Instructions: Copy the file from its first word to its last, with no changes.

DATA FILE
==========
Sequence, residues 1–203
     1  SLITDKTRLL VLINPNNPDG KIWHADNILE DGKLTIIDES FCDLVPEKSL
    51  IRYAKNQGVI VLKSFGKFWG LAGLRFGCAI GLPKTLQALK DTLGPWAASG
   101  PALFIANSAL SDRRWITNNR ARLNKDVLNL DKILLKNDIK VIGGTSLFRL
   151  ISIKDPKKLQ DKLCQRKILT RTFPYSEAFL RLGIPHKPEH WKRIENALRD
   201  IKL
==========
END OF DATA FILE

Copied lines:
Sequence, residues 1–203
     1  SLITDKTRLL VLINPNNPDG KIWHADNILE DGKLTIIDES FCDLVPEKSL
    51  IRYAKNQGVI VLKSFGKFWG LAGLRFGCAI GLPKTLQALK DTLGPWAASG
   101  PALFIANSAL SDRRWITNNR ARLNKDVLNL DKILLKNDIK VIGGTSLFRL
   151  ISIKDPKKLQ DKLCQRKILT RTFPYSEAFL RLGIPHKPEH WKRIENALRD
   201  IKL